Bullen building jobs in jeopardy
Jobs at Cromer builders H Bullen & Son, part of the R G Carter empire are under threat.A 30-day consultation with staff is under way at Bullens and Fisher & Co of Fakenham about a possible 60 redundancies.
Jobs at Cromer builders H Bullen & Son, part of the R G Carter empire are under threat.
A 30-day consultation with staff is under way at Bullens and Fisher & Co of Fakenham about a possible 60 redundancies. Both are arms of the Carter group and two of the oldest names in the Norfolk building industry. It was unclear what proportion of the workforce at the two firms face losing their jobs
The consultation follows the loss of about 96 jobs at R G Carter's Drayton head office at the end of last year.
Cromer's H Bullen & Son was founded in 1895 and over the years has been involved in work at Felbrigg Hall and Cromer Hospital, and became part of the Carter empire in 1935.
Fisher & Son has been operating in Fakenham since 1885 and became part of the Carter group in 1947.
R G Carter declined to comment.
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Brian Rye, regional organiser of UCATT said Fisher and Bullen had been operating as a single business in recent months and that the redundancy consultation, which began on January 9, covered both.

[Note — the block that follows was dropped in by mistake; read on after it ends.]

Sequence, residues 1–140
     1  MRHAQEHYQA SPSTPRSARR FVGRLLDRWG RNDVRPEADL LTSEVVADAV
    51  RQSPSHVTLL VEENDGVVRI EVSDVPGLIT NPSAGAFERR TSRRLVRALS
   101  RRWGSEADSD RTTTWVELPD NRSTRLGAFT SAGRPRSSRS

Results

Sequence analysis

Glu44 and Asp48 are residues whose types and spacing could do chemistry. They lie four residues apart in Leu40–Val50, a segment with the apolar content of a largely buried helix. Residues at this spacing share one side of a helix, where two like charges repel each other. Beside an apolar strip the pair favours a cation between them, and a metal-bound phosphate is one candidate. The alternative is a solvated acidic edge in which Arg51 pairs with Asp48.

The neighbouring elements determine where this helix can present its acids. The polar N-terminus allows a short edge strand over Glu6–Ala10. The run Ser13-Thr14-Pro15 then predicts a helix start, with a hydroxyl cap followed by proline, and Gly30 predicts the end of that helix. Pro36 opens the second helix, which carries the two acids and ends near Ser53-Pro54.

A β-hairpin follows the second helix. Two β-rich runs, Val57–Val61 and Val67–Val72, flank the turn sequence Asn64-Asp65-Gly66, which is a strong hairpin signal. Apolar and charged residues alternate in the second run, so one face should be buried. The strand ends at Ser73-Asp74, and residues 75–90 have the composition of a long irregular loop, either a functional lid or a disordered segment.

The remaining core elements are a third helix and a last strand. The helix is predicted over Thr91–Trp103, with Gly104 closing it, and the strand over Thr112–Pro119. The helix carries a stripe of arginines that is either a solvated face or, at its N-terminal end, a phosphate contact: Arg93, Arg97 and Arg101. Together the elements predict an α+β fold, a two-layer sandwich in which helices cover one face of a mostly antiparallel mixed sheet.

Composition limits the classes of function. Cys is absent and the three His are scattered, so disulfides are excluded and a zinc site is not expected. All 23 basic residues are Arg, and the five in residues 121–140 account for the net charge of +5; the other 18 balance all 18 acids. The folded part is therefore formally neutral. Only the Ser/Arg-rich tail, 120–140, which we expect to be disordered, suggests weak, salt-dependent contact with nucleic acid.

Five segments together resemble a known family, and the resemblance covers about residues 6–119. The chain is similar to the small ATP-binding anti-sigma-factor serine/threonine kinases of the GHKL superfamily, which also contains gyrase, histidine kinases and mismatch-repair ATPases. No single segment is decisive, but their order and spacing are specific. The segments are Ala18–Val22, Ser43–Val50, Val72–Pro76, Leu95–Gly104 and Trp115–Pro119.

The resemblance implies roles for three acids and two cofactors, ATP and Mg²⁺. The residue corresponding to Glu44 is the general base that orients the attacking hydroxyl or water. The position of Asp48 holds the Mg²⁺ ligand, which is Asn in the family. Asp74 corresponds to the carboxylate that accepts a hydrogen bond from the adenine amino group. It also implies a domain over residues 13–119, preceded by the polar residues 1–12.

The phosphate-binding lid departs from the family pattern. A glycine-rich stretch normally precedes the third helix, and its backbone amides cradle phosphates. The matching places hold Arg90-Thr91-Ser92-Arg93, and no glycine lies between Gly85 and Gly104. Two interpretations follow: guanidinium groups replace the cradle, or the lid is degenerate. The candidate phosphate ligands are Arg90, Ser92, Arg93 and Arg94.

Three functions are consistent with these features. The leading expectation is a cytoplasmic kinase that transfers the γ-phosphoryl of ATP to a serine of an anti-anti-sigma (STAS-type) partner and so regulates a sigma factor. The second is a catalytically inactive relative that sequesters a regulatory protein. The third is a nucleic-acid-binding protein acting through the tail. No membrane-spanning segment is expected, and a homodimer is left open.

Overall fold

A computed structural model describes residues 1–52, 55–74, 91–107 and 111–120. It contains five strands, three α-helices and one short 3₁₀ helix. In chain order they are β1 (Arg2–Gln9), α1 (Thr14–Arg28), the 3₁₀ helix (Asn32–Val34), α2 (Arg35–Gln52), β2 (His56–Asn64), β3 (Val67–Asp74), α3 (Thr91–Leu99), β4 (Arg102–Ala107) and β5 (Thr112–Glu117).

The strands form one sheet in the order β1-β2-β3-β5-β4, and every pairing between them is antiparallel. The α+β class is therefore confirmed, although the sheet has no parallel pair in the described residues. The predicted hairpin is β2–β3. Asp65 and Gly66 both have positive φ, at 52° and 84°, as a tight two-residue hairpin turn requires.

'We went through the process with Carters at Drayton and I think it's far to say they will carry out a thorough selection process, with opportunities to challenge the process,' Mr Rye said.
But he added: 'I've sat in on redundancy meetings where it's clear that people who are in no way to blame for the situation - skilled people with good work records - are facing unemployment.
'Norfolk is, at the moment, is suffering disproportionately from this downturn in the construction industry compared to the rest of the region.
'That's because of the lack of construction activity in Norfolk and the lack of vacancies within a reasonable travelling distance.
'One of the other concerns we have is that if you look at the age profile of our industry, then people who are made redundant can be lost to the industry forever and their skills are lost forever. That can undermine the local economy in the future.'
Mr Rye also raised concerns that public sector construction projects were being deferred - despite government assurances that public sector projects would be brought forward to help stimulate the economy.
'There are a lot of pronouncements about work coming forward, but the reality is that there's evidence that projects are being deferred, particularly education contracts,' he added.
'The numbers being deferred are not huge, but they are significant enough to really make a difference to contractors.'